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THE GOOD WAR
POST-WAR CONTRIBUTIONS



POST-WAR CONTRIBUTIONS

A new movement, termed by 	its adherents radical pacifism would emerge....Far from feeling despondent 	about the overwhelming popular support for the war effort in the United States, 	radical pacifists found the shared resistance and the sense of emerging 	movement in their distinct camp and prison communities exhilarating.


The story of WWII conscientious objectors did not end when the war was over. Pioneers of nonviolent protest, many of the COs' principles would bear fruit in the activism of the decades that followed. COs would also become key leaders in the civil rights, anti-Vietnam, anti-apartheid and other social justice movements of the late 20th century.



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The son of a well-to-do Bostonian, David Dellinger rejected his comfortable background when he walked out of Yale during the Depression to follow the path of Francis of Assisi. Dellinger lived among the poor, was among the first young men in America to refuse the draft in 1940 and was jailed twice for his refusal. He held hunger strikes in prison that eventually integrated the federal prison system and was bloodied introducing Gandhi's principles of nonviolence to the political street struggles against the Vietnam War. In 1968 he held the world spellbound with his cry "the whole world is watching," referring to the media coverage of the Chicago police riot. During the trial of the Chicago Eight, Dellinger and his co-defendants turned the tables on their accusers and put the government on trial. He is author of many books including his autobiography, From Yale to Jail: The Life of a Dissenter. Dellinger lives in Montpelier, Vermont with his wife Elizabeth Peterson.
David Dellinger
David Dellinger gets "bloodied" with red paint at 1965 rally


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Quaker Stephen G. Cary was director of a CPS camp during the war, and commissioner for European Relief for the American Friends Service Committee (AFSC) after World War II. The Quakers received the Nobel Peace Prize in 1947 for that work. Since those years, he has served the organization in many capacities, including 12 years as chairperson of the AFSC Board of Directors and Corporation. He is now retired as President of Haverford College and lives in Haverford, Pennsylvania.
Stephen Cary
Stephen Cary (left) with Norman Thomas at CPS camp in Big Flats, NY


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The son of a New Jersey dentist, African American CO Bill Sutherland has lived in Africa for the past five decades, tirelessly recording and participating in efforts for social change on both continents. A co-founder of Americans for South African Resistance, The American Committee on Africa, and World Peace Brigades, he served as a special assistant to the Sixth Pan-African Congress in Tanzania, and has been fostering Pan-African relations for all of his adult life. His recent book, Guns and Gandhi in Africa: Pan African Insights into Non Violence, Armed Struggle and Liberation in Africa, documents his work on that continent.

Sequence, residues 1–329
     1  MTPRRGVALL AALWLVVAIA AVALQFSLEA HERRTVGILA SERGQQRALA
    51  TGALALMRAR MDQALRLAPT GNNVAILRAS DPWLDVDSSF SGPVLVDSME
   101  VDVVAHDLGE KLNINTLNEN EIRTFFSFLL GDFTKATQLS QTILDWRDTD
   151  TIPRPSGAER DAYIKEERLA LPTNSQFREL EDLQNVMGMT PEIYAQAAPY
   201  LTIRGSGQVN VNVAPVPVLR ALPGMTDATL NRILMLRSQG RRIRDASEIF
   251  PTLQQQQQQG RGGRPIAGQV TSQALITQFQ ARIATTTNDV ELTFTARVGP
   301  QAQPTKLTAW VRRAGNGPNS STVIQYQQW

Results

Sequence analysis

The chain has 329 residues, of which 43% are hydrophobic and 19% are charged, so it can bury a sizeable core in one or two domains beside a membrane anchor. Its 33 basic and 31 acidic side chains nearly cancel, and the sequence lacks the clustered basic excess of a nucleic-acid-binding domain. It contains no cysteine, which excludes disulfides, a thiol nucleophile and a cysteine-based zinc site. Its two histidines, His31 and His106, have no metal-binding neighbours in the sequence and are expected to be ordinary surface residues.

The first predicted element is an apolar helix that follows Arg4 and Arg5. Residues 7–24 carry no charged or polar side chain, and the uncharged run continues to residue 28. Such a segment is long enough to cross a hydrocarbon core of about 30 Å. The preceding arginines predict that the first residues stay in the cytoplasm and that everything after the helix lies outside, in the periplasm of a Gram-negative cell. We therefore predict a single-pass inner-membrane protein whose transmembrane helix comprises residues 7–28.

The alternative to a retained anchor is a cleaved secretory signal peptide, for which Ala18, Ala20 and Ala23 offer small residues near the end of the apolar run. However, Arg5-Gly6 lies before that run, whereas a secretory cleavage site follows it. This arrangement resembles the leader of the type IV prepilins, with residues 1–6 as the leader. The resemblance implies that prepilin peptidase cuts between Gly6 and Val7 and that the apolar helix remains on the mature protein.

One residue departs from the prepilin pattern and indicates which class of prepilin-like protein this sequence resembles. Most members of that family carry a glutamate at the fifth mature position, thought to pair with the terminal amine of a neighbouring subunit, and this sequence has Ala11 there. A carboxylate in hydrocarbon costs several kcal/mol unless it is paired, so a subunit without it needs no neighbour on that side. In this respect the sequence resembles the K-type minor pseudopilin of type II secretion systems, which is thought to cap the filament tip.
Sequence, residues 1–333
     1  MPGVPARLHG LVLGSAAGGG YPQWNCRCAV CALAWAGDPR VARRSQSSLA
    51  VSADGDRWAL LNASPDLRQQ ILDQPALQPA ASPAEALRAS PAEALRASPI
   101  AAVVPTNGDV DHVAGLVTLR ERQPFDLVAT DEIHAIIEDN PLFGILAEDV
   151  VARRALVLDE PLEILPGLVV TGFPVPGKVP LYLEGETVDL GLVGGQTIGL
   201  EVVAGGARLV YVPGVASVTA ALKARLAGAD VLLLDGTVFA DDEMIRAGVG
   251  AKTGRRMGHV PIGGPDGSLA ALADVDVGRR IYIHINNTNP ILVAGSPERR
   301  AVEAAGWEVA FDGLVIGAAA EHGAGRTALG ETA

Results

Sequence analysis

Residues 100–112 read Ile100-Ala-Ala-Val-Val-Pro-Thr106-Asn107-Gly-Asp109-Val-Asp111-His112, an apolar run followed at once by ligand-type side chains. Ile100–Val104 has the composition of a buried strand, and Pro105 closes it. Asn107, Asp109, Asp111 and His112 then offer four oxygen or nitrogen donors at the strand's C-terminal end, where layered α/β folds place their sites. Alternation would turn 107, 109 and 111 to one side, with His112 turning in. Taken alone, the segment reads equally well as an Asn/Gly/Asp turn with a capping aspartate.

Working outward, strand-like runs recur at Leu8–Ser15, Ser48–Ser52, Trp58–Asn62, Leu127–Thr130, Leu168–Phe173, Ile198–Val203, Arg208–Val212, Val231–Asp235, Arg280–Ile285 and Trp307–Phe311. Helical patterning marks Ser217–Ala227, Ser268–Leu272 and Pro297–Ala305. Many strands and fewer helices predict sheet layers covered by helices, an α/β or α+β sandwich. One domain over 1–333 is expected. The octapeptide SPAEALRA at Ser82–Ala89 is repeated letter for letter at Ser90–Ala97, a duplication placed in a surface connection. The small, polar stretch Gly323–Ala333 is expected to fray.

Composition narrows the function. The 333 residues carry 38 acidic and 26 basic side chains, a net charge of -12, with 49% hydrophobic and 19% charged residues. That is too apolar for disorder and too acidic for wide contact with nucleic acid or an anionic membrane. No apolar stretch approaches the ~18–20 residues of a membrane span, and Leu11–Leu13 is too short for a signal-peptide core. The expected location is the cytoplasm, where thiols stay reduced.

Bill Sutherland
Bill Sutherland (left) with Nelson Mandela


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Carlos Cortez has been a construction laborer, factory worker, janitor, journalist, salesman, curator, printmaker and poet. He is actively involved in Chicago's Mexican community. Mr. Cortez first pursued printmaking after he became involved with the International Workers of the World, for whom he drew cartoons and created posters. His political works include homages to United Farm Workers' leader Cesar Chavez.
Before the Disappearance by Carlos Cortez
Before the Disappearance by Carlos Cortez, 1993
Courtesy Northwestern University


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Asa Watkins was born a Presbyterian and became a Quaker after his CPS experience. He was among the first COs to serve in a mental hospital working as an attendant in the Virginia State Hospital in Williamsburg, where he was a reformer of the state mental health system. Watkins was a lifetime activist and artist who taught special education for decades. Watkins passed away in June 2001.

To view more artwork by Asa Watkins, go to the gallery.
'Bars' drawing by Asa Watkins
Drawing by Asa Watkins


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George Houser was one of the Union Eight seminarians who were the first public draft resisters in the United States. He was a founder of Congress of Racial Equality (CORE) with James Farmer and Bayard Rustin during the war. In 1947 he and Rustin organized the first Freedom Ride for integration of interstate buses, the Journey of Reconciliation. Houser co-founded the first American organization opposed to South African apartheid with Bill Sutherland. Houser has served in many capacities in the Fellowship of Reconciliation, from youth secretary to executive director. He and his wife Jean live in an intentional community in Pomona, NY.
George Houser in Angola
George Houser in Angola


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Read the responses to the September 11th terrorist attacks from some of the COs featured above.



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